Hunt for the Wilderpeople

Something in the DNA of a flick like Hunt For The Wilderpeople directly engages my passionately cultivated quirky indie-flick cynicism gland.

Quirky. If you’re of similar disposition to your faithful cultural attaché, that very term will trigger a pulsating crimson Dario Argento montage in your mind’s eye, a nauseating staccato burst of ‘quirky indie-flick’ tropes:

A cast of oddball, ‘eccentric’ buffoons? Zany, dissonant musical cues? Self-conscious, hand-wrought typography? Grim natural light mise en scene contrasted with a self consciously twee production aesthetic?

It all sets my zero tolerance ‘contrived Wes Anderson tosh’ palate right on bloody, bile-flecked edge, it does.It would be an understatement to say I came to writer/ director Taika Waititi’s (he of 2014’s barmy vampire mockumentary, What We Do In The Shadows) fourth feature* with a reservation or two. Just what does Hunt For The Wilderpeople, this latest rapturously feted slice of outré Kiwi cinema, actually entail, then?

Ricky Baker (newcomer Julian Dennison), a hefty lad on the brink of his teens, is a perpetual ward of the state, all “gangsta” affectations, sullen ‘tude and boasting a rap sheet chockers with bored kid misdemeanors. Rock throwing, letterbox burning, tagging and even, gasp, spitting.

Nicked again by child welfare agent Paula (Rachel House) and the gormless Officer Andy (Oscar Kightley), Ricky is delivered to his last-chance-before-juvie foster home in the forest-bound Te Urewera hill country of New Zealand’s north island.

It’s on this rundown farm that he meets his new foster ‘uncle and aunty’- curmudgeonly crank Hector (Sam Neill) and his kooky missus, Bella (Rema Te Wiata).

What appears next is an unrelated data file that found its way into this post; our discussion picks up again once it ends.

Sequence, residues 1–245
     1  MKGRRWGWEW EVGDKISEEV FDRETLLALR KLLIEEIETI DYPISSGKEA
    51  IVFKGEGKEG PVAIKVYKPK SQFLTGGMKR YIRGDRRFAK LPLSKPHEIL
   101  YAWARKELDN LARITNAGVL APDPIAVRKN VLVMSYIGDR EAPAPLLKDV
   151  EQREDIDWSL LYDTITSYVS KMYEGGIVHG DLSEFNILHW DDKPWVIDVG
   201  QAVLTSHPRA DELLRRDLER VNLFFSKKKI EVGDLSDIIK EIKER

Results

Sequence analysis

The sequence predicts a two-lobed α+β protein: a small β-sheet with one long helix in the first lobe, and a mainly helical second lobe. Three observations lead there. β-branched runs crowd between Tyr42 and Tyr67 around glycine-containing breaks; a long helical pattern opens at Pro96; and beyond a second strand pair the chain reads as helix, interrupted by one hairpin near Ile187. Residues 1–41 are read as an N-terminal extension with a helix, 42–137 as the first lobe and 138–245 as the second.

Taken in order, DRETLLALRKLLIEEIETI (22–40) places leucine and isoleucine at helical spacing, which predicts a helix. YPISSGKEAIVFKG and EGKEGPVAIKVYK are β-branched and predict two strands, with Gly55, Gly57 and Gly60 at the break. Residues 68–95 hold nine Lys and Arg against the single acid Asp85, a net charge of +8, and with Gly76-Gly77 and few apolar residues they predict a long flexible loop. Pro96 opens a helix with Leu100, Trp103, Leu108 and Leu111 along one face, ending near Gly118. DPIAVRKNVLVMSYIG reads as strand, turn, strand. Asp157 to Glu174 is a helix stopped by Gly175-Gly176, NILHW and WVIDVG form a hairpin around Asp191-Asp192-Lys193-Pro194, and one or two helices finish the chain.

It’s not long until Ricky gives an escape bid a crack, with predictable ‘city kid meets great outdoors’ results. And it’s not long after that that Ricky and the surly Hector are thrown together on a fraught outdoors escapade that develops into a nationwide manhunt involving the Terminator-like (her words) Paula (motto: “No children left behind!”), a few bumbling hunters and an increasingly absurd military response.

Ably evoking tourist-baiting Lord of the Rings grandeur, cinematographer Lachlan Milne’s lens drinks in the dense hill country of the North Island as seasons change and Hec ‘n Ricky’s predicament grows progressively more dire (in a coming-of-age, mostly no-one gets hurt PG fashion, of course).

Hunt for the Wilderpeople, then, is perhaps best characterised as Benji The Hunted by way of Stand by Me with a heavy dose of Thelma and Louise (with Waititi ably dialing-up the jittery Michael Bay-meets-Edgar Wright directorial affectations). It’s a winning exercise in wry humour, wilderness adventure and warmly understated life lessons.


Yeah, I’ll admit it — Hunt For The Wilderpeople charmed your cultural attaché into complete submission. That impenetrable tar mass may have melted just a tad.

Just don’t tell anyone, okay?

* Obligatory acknowledgment of his Waititi’s stewardship of Thor: Ragnarok goes here.

- Garth Jones

Originally published at